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J Mol Diagn. 2004 Nov;6(4):275-84.

Hereditary non-syndromic sensorineural hearing loss: transforming silence to sound.

Author information

  • 1Department of Pathology and Pediatrics, L235, Stanford University Medical Center, 300 Pasteur Drive, Stanford, CA 94305, USA. iris.schrijver@medcenter.stanford.edu.

Abstract

Tremendous progress has been made in our understanding of the molecular basis of hearing and hearing loss. Through recent advances, we have begun to understand the fascinating biology of the auditory system and unveiled new molecular mechanisms of hearing impairment. Changes in the diagnostic impact of genetic testing have occurred, as well as exciting developments in therapeutic options. Molecular diagnosis, which is already a reality for several hearing-associated genes, will doubtlessly continue to increase in the near future, both in terms of the number of mutations tested and the spectrum of genes. Genetic analysis for hearing loss is mostly used for diagnosis and treatment, and relatively rarely for reproductive decisions, in contrast to other inherited disorders. Inherited hearing loss, however, is characterized by impressive genetic heterogeneity. An abundance of genes carry a large number of mutations, but specific mutations in a single gene may lead to syndromic or non-syndromic hearing loss. Some mutations predominate in individual ethnic groups. For clinical and laboratory diagnosticians, it is challenging to keep abreast of the unfolding discoveries. This review aims to provide the framework pertinent to diagnosticians and a practical approach to mutation analysis in the hearing impaired.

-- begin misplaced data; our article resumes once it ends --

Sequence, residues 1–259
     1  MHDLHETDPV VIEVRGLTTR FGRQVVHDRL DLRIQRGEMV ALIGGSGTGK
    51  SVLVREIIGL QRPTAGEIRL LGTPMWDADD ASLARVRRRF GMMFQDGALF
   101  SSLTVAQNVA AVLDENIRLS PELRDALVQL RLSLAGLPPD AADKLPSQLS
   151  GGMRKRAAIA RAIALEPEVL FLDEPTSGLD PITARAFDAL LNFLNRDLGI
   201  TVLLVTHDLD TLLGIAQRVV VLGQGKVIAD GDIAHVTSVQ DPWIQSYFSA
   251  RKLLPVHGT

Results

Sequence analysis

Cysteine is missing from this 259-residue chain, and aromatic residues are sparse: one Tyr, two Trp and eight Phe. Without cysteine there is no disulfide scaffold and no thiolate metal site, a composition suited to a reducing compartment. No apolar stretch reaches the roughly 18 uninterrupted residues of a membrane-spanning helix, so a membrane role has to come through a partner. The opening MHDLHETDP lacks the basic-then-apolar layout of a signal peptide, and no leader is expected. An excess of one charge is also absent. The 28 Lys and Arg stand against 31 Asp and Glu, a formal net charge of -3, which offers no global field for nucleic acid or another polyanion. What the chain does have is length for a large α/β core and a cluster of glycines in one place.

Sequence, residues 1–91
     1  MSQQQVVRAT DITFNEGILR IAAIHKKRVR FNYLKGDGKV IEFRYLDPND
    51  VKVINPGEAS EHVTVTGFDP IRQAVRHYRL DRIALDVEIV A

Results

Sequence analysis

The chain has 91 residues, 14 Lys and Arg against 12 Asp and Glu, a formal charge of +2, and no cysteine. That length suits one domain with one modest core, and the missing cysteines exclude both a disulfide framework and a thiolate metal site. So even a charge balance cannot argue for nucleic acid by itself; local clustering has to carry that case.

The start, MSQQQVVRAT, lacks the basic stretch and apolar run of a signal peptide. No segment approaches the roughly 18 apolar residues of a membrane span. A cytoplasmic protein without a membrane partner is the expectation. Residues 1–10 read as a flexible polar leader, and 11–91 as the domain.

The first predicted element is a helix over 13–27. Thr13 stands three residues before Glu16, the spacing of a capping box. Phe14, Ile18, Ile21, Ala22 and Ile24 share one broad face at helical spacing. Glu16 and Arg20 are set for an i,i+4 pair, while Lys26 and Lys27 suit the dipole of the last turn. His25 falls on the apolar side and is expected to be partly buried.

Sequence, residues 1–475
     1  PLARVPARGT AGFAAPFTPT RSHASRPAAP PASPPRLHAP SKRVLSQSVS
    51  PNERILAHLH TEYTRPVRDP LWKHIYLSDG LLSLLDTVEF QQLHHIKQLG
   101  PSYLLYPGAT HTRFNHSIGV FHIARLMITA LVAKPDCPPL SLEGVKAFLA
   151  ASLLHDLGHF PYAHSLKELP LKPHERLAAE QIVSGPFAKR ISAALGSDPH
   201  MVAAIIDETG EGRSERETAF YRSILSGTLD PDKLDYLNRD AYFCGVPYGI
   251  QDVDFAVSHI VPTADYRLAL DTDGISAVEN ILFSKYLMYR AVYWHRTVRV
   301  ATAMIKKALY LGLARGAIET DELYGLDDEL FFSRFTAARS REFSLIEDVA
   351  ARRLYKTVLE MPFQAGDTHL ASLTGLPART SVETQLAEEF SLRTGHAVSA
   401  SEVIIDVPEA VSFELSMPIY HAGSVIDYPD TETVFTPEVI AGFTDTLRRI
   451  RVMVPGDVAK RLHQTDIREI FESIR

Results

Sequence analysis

PMID:
15507665
[PubMed - indexed for MEDLINE]
PMCID:
PMC1867482
Free PMC Article
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